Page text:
How to use Rc.local on CentOS 8

During the Linux boot process, we run the script with rc.local. Due to the complicated process of the init script, it makes the user spend a lot of time using it. Many people are looking for ways to easily use rc.local on CentOS 8. That is why we wrote this blog to give you a quick overview of how to use rc.local on CentOS 8.

How to use Rc.local on CentOS 8

On Linux, rc.local is a process that comes into play when the system reboots or shuts down, or when running scripts that run at startup or terminate the process itself.

We understand the purpose of rc.local. As a first step, rc.local runs with one user or script, namely a distribution whose functions are usually started and stopped by system services. Following this thought, when the system starts up, it is used to start custom services when it goes into multi-user mode.

Also, it is only used to start this service. Reuse does not stop the system shutdown or restart. Therefore, it cannot be used when turning off the system.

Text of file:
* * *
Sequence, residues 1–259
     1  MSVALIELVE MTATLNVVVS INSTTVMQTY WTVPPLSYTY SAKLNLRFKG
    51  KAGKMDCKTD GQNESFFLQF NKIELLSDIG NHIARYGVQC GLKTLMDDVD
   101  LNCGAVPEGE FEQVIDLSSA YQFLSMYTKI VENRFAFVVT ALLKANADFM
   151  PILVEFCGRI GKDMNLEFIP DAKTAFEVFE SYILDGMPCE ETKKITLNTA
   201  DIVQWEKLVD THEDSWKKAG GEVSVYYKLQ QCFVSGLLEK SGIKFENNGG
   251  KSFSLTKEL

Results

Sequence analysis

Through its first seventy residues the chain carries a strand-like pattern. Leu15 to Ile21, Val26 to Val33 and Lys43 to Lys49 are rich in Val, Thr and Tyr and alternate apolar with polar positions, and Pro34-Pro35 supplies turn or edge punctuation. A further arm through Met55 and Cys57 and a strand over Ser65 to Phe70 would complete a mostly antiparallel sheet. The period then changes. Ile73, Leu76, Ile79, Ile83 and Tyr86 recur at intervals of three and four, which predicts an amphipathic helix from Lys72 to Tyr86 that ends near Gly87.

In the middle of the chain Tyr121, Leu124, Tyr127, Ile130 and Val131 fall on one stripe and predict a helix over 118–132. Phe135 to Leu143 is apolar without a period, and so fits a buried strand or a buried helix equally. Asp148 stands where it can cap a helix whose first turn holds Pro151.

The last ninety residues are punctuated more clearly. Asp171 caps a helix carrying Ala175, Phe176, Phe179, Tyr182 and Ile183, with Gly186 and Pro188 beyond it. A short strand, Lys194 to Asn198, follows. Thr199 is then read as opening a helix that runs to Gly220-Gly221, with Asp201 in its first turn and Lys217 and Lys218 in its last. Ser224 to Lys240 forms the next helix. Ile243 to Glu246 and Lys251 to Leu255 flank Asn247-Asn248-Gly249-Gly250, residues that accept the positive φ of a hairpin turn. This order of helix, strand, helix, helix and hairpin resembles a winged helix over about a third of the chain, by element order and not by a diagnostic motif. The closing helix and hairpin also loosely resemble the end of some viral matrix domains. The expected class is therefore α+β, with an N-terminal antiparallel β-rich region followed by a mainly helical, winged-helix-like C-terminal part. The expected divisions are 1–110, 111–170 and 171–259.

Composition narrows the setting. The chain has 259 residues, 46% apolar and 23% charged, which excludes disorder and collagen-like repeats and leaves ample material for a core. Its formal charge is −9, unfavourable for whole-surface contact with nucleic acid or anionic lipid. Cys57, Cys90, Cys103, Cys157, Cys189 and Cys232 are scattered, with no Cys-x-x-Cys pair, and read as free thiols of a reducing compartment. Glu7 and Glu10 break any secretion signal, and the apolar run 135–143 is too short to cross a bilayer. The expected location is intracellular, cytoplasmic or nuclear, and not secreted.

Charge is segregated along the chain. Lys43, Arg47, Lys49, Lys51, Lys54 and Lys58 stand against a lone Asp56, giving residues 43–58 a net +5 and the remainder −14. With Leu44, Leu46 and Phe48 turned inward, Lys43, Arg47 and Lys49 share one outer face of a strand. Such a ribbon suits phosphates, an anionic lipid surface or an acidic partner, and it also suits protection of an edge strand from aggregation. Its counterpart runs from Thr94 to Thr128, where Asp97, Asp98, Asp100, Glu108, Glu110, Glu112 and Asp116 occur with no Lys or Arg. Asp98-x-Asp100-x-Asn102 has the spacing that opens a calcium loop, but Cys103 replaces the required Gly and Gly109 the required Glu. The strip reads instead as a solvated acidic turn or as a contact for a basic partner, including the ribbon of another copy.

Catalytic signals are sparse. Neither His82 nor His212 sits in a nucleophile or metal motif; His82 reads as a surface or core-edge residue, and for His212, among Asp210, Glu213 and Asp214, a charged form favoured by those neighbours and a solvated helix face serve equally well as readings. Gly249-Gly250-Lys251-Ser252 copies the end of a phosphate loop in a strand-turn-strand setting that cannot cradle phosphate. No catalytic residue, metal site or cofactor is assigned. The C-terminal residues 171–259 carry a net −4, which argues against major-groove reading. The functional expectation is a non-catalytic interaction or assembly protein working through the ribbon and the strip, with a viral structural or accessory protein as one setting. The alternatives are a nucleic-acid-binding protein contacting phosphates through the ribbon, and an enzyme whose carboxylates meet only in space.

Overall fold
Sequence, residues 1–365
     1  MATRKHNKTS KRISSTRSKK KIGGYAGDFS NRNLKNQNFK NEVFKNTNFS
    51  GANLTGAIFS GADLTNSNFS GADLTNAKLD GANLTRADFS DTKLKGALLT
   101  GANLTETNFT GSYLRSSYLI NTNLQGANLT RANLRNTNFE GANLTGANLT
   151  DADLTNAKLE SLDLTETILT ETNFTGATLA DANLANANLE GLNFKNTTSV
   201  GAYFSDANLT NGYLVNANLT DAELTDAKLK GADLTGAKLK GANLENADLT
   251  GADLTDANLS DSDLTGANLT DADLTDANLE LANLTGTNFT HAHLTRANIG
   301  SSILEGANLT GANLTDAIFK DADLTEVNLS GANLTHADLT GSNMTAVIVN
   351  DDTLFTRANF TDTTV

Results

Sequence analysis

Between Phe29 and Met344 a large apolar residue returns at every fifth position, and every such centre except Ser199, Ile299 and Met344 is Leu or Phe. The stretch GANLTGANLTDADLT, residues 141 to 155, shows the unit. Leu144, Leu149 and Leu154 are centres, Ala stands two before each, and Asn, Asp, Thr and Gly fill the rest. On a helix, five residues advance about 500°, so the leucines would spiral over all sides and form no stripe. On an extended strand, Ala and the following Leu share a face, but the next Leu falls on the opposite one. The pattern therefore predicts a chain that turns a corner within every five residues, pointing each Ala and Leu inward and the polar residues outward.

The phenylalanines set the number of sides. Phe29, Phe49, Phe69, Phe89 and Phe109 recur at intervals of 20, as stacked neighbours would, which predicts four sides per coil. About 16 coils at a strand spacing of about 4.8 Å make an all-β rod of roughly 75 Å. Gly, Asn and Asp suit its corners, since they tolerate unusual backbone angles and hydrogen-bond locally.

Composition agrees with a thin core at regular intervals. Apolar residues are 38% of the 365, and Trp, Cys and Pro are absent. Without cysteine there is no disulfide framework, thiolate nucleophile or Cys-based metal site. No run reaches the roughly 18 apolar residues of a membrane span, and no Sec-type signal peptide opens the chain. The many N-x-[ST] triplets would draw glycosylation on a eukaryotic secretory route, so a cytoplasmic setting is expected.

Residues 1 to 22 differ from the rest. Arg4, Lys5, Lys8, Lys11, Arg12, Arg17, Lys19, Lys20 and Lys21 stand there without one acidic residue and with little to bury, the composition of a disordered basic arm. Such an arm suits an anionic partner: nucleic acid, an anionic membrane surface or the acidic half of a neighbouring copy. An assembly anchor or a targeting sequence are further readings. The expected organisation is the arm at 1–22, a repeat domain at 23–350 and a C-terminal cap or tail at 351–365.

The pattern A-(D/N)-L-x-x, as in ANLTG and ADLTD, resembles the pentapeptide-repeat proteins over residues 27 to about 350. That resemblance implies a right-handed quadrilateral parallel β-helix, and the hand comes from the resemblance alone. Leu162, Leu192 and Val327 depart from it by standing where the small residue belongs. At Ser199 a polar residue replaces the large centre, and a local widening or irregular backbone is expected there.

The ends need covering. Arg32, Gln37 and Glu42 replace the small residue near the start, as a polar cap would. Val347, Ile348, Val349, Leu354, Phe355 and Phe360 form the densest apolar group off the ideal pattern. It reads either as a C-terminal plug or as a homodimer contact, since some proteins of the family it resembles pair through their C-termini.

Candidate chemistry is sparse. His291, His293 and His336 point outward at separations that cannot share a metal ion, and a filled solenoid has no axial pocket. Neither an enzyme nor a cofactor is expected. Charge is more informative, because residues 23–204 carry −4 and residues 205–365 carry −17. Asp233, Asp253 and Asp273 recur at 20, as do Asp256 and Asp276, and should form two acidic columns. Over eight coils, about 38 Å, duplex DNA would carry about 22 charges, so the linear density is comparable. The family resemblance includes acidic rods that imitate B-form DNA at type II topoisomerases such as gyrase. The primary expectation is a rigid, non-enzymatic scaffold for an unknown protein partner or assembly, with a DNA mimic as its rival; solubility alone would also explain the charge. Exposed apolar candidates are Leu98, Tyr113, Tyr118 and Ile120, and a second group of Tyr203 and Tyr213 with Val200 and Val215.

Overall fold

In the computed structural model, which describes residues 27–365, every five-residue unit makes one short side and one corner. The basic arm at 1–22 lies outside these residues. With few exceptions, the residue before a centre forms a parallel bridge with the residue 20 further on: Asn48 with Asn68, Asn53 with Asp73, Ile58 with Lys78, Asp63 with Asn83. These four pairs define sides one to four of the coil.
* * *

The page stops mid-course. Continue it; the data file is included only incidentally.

From a system security point of view, we shouldn’t use it. So we are working on hacking or looping the security of the system:

First we will go to reboot the system and use some commands. In this case, find out its status using this command:

                      systemctl status rc-local

Checks if rc.local is active or deactivated. If it is not active, then issue the command:

                      chmod etc/rc.d/rc.local

Then use the following command:

                      systemctl restart rc-local

After that use this command:

                      systemctl status rc-local

You will now see this status as active. Finally, include the options with this command:

                      system enable rc-local


In this article, we have tried to explain how to use rc.local. If you have questions, write in the comments below.

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